Feature Article - May 2015
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Make New Friends, Keep the Old

Trends in Strategic Fitness Facility Design

By Chris Gelbach

Comforting the Non-Exerciser

By using more flattering, dimmer lighting and fewer mirrors, club designs can make patrons who don't feel happy with the way they look feel less self-conscious or discouraged. Likewise, they're less intimidated if they're not confronted by a sea of equipment when they walk in the door. "If an out-of-shape woman walks in and sees a treadmill right there, she says, 'I'd be so embarrassed to be on that treadmill. This club's not for me,'" Carter said.

For these skittish potential patrons, a welcoming environment is critical. Certain soothing touches might even help their workout go better. "Research is now showing that people feel less pain when they're exercising in nature," Carter said. "So we're bringing nature into our environments. It might be in the form of a beautiful nature graphic or materials like woods and stones. Because people feel less pain and more comforted, and therefore the exercise doesn't have to sting."

In general, designers are open to breaking with tradition as the influence of the hospitality industry and new technologies make new approaches to reach a wider demographic both attractive and feasible. "Everything is being reinvented—locker rooms, steam rooms, showers—there's enough new products, new cutting-edge ideas that every client we are talking to needs to be aware of," Visani said.

Options for Better Operations

Among the innovations that Fabiano is seeing are things like larger 4-by-8-foot tiles that reduce grout-related maintenance, and high-density foam walls in showers that don't permit mold growth and are impenetrable to water.

As concerns about sustainability grow, gym designers are also looking at the health implications of the materials they use. "We're LEED-certified, so we're always looking for products that don't have off-gassing, especially in a fitness facility," Plaza said. "You want it to be a really clean environment with healthy air quality."

Fabiano is also seeing that air quality is being enhanced in facilities with aquatics through new technologies such as those that can exhaust harmful chloramines at the gutter level of the pool to enhance air quality throughout the facility.

Designers are additionally incorporating more reused, recycled and repurposed materials as more appealing products with these qualities become available. They're even getting creative in using local materials as part of this effort. "Incorporating items that have some significance to the local market is appreciated and makes your facility more unique—whether it's local beetle-kill wood in the West or some local firehouse brick that was torn down," Visani said.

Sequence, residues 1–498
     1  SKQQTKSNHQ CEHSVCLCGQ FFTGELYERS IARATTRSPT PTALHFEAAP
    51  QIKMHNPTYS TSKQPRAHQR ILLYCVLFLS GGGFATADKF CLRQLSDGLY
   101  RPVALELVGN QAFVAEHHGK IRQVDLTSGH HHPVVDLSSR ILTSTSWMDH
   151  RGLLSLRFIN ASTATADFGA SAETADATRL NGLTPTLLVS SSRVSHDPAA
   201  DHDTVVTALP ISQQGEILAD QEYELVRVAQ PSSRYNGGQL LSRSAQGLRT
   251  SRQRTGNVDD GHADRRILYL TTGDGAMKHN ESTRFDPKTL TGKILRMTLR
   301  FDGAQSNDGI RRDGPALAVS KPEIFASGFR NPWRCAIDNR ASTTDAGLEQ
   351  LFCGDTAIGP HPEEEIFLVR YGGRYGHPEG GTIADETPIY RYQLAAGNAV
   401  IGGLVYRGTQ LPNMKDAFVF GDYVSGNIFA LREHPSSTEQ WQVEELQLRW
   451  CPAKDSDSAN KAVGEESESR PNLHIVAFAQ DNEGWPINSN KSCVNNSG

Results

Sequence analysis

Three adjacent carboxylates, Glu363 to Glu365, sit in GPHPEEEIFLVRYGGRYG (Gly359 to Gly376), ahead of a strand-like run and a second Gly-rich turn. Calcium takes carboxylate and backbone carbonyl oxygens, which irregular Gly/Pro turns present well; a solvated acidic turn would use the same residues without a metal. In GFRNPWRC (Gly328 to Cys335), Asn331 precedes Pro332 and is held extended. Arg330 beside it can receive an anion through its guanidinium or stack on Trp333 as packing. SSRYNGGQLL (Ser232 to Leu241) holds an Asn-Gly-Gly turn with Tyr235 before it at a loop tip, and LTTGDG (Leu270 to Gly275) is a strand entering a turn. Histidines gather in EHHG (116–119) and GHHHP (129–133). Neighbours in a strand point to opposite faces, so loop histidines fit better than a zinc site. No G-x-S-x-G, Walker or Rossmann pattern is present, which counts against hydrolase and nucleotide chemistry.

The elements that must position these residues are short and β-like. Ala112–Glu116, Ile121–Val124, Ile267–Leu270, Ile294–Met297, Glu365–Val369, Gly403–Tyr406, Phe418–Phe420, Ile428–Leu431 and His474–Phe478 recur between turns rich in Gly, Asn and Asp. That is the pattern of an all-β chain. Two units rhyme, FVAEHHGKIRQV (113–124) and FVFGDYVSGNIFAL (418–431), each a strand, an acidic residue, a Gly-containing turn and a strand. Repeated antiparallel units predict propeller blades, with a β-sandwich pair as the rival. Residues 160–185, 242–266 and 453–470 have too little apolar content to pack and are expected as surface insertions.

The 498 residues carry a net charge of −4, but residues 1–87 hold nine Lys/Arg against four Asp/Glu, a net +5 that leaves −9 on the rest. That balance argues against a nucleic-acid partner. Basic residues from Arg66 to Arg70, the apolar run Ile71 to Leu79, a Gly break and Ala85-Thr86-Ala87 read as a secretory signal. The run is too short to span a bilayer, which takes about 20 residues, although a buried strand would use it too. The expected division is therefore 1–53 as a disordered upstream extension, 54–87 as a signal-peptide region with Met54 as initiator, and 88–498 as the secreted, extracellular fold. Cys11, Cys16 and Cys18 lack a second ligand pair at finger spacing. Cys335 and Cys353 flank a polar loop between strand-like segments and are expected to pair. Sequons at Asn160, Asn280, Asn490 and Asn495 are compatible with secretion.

Designing for Non-Dues Revenue

As boutique clubs that offer more social opportunities and specialty programming continue their upswing, larger big-box clubs are trying to compete with them, as well. They're still providing plenty of traditional weights and cardio, along with multiple specialty programs and spaces devoted to them to vie with boutique offerings. "It's not rare in a typical club to have three or four studios, whereas at one time one large studio would be enough," Fabiano said.

These efforts often include a greater emphasis on individual branding for the different program spaces. For instance, Plaza just worked on a series of mind-body clubs in New York and New Jersey featuring yoga rooms with yoga walls. Spinning rooms with theater environments as well as Pilates, hot yoga and barre classes are receiving similar attention.

"The big box clubs are trying to figure out how to create a boutique club within the big-box club, and that's always a challenge," Plaza said. "How do you get a SoulCycle feel in a big-box club?" Getting that feel can help clubs convince members that such an offering is a special experience worthy of an additional fee.

"I call it the retailing of fitness," Fabiano said. "We like to think of those elements as their own boutique element that should be presented as a specialty item as you would in a department store. So when you're using the club, when you tour the club, there is so much more than is being presented to you as an offering."